**The General Question**

My question arises from this passage in McElereth’s Statistical Rethinking Second Edition:

You should not use WAIC or PSIS with [negative binomial/gamma-Poisson or beta binomial] models, however, unless you are very sure of what you are doing. The reason is that while ordinary binomial and Poisson models can be aggregated and disaggregated across rows in the data, without changing any causal assumptions, the same is not true of beta-binomial and gamma-Poisson models. The reason is that a beta-binomial or gamma-Poisson likelihood applies an unobserved parameter to each row in the data. When we then go to calculate log-likelihoods, how the data are structured will determine how the beta-distributed or gamma-distributed variation enters the model (p. 375).

I can’t say I’m "very sure " of what I am doing and came across the passage attempting to build my understanding.

Based on the advice of Gelman, Hill, and Vehtari (2020), I was using loo() to compare models (it uses Pareto smoothed importance-sampling leave-one-out cross-validation (PSIS-LOO)) . I wouldn’t have thought twice about using loo on these models because, for one thing, the package vignette Using the loo package (version >= 2.0.0) uses a negative binomial model as an example.

McElereth follows up with a sentence or two on “What do Do?” instead and responds that multi-level models “can assign heterogeneity in probabilities or rates at any level of aggregation.” I’m looking into a multilevel approach, but at this point, I’m curious about how to interpret the loo results with the current models. I’m somewhat familiar with the multilevel modeling approach and am not sure it will work with this data.

## Background on the Data and Modelling

I’m posting this in hopes some would have insight on what to look out for and to better understand the concerns he’s expressing. I understand that his concerns relate to how the data are aggregated but I’m not understanding them deeply enough to know how they effect what we’re working on.

For context, the data we’re using is from a pilot survey aimed at monitoring the abundance of specific fish species. A row records the results from surveying a particular survey station at a particular time and duration. The outcome/response variable is number of fish caught (modelling each species separately). The available predictor variables include four large/coarse scale areas (“Area”), two depth categories “Depth_Category”, and year (“Year”). We have four years of data so far.

We also include the number of angler minutes (i.e. number of people fishing times the time spent fishing). The conventional approach is to use it as an offset so that we’re modelling the rate (i.e. catch per unit effort). Part of the motivation here is to look at the effect of that versue the alternative of letting the coefficient on angler effort vary from one. And the loo results suggest that letting it vary does fit the data better and the coefficient goes negative (which is plausible).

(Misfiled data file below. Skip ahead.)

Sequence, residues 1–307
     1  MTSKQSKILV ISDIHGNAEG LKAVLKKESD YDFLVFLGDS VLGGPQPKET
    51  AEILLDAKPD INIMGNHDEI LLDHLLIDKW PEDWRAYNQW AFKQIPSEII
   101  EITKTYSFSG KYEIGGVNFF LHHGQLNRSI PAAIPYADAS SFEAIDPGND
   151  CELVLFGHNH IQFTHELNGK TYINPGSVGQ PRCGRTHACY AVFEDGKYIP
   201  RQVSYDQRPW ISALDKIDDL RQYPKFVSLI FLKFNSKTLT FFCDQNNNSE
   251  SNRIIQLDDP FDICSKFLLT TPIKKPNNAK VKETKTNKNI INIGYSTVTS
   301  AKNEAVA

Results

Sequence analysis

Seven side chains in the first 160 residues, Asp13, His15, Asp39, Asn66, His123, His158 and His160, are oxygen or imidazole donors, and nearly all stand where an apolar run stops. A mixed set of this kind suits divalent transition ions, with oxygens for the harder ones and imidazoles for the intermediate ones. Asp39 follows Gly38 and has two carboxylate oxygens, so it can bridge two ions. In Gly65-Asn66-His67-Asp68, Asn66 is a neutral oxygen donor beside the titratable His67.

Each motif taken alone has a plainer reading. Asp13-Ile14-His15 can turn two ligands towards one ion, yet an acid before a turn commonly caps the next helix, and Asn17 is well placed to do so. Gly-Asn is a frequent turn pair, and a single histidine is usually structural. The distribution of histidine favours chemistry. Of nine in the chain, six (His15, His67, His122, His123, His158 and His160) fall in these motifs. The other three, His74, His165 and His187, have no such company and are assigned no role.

Again, the purpose of exploring models would be to produce a relative index of abundance from the survey.

## Models and Loo Results

These are models I’m interested in comparing.

```
m_offset <- brm(Count ~ Year + Area + Depth_Category + offset(log(Minutes)),
data = survey.df,
family = negbinomial())
m_no_offset <- brm(Count ~ Year + Area + Depth_Category + Minutes,
data = survey.df,
family = negbinomial())
m_hurdle <- brm(Count ~ Year + Area + Depth_Category + Minutes,
data = survey.df,
family = hurdle_negbinomial())
m_zero_inflate <- brm(Count ~ Year + Area + Depth_Category + Minutes,
data = survey.df,
family = zero_inflated_negbinomial())
```

We also ran models using fewer predictor variables and the model using all the variables performs best. However, none fit well. Running a generalized liner model on the m_offset model, for example, produced a Deviance Explained of ~9%. The version that lets the coefficient on Minutes vary increases to ~18%. I explored the zero-inflated and hurdle models because the Posterior Predictive Checks with pp_check() show that the models are predicting more zeros than seen in the data.

Running loo() on each and then loo_compare() produces these results.

elpd_diff | se_diff | |
---|---|---|

loo_zero_inflate | 0.0 | 0.0 |

loo_no_offset | -6.1 | 4.1 |

loo_hurdle | -8.0 | 2.6 |

loo_offset | -34.6 | 7.4 |

Again, while new to interpreting this. my understanding is that it does suggest that the models that let the coefficient on effort vary do notably better than the offset model. And while the zero inflated version does the best, the se_diff of 4.1 means that it wouldn’t be expected to have much better predictive power than the standard negative binomial version.

Seeing these results, I was going to recommend taking a closer look at the offset approach. There are reasons why catch may tail off as fishing effort goes up in this survey (at least over the range in the data). However, seeing McElereth’s warning made me second guess doing so.

Again, any advice and insights would be appreciated! Thank you.